Yeah, this is the month where love reigns supreme. But that got me thinking. How do you describe all those heady feelings that go hand in hand with falling in love?
Sure, for romance writers, love is our stock and trade. Where would we be without it? Probably writing those boring corporate brochures no-one reads.
But falling in love has one big problem, at least from where I’m standing.
That’s because it’s different for every single one of us.
Sure, it’s one of those universal concepts that no matter where you come from, no matter who your parents are, or what your upbringing was like, romantic love, the falling in love forever kind, was something you knew existed. Even if you didn’t get to experience love of any sort all that often.
So, when you’re trying to write a romance that sounds half-way sensible, this fact causes unseen problems.
You see, no-one else’s experience of falling love will ever be the same as mine. And do you know why? Because no-one else has my background, hang ups, or insecurities. Or those extra kilos that refuse to disappear. So how you respond to the man or woman of the hour, and experience falling in love for keeps, will be different from me.
And that’s a good thing, too.
Call me naive, but when I first met my husband, I had no idea I would fall in love with him. It wasn’t instant. It took me years (literally) to figure it out. I remember thinking what an amazing guy he was. But I had no idea I would end up marrying him. Okay, I know, I’m a bit slow on the up-take. Because according to him, he knew we’d end up together all along!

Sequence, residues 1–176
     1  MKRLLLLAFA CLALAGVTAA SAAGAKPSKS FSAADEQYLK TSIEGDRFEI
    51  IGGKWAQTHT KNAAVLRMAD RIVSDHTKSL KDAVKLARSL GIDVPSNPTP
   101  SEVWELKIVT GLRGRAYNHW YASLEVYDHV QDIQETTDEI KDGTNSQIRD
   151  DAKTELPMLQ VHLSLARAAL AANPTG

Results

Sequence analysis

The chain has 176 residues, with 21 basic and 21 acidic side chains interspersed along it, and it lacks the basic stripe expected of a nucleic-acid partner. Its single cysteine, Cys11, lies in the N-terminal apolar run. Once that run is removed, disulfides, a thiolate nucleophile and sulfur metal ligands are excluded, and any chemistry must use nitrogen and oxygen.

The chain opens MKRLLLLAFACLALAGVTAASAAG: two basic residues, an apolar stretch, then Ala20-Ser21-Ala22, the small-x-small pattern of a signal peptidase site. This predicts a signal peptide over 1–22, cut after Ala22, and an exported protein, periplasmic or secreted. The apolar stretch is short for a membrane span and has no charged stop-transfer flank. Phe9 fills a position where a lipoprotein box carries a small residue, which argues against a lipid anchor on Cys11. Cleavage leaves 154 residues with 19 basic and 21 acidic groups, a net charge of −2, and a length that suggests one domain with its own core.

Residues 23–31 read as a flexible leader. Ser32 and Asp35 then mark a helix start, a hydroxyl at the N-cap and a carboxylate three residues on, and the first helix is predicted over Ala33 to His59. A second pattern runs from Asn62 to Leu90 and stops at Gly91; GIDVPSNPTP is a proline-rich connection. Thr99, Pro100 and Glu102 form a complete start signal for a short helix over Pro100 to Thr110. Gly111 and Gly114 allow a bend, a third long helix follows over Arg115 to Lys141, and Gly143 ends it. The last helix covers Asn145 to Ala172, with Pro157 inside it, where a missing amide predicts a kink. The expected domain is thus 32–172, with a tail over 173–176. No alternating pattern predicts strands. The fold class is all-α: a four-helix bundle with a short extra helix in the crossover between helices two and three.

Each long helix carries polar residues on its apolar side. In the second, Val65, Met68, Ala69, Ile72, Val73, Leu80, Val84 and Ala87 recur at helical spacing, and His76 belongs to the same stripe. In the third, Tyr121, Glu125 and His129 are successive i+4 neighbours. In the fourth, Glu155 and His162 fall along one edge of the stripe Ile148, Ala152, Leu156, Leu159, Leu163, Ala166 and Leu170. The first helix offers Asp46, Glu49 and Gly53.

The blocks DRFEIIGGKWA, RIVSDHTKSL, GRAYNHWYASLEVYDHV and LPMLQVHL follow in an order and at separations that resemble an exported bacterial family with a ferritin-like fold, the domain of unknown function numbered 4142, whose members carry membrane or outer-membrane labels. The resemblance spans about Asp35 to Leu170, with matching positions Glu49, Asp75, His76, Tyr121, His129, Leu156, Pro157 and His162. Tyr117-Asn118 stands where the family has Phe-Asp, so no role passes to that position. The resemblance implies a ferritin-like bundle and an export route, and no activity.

Because of this, I intend to write a story where the heroine is much smarter than I was, much more in tune with what’s happening around her. Where it doesn’t take five years for the hero and heroine to finally end up engaged.
I mean, who’d read a story that took that long to resolve itself?
A story where falling in love will be better than anything in the whole wide world. My two main characters will kiss, and cuddle, and fight to overcome whatever it is that’s keeping them apart. They’ll grow and change and come to the realisation, (nowhere near as slowly as me) that being together is much better than going it alone.
At least, that’s what I hope will happen.
Now, please excuse me. Because I’m off to start writing that riveting love story. Which won’t be based on my own, cause most people would be asleep before I get to the good bits.
Wendy adores riding her pedal-assist electric bike. And living in Melbourne means she has easy access to some incredible bike paths and Victoria’s extensive rail trails.
She runs her own editing and communications business and is often found reading her Kindle, immersed in a romance story. She makes her own jewellery. And enjoys travelling with her husband, where she often indulges in taking the odd landscape photograph.
Wendy lives her life with every intention of leaving this world laughing and shouting “what a great ride this have been”.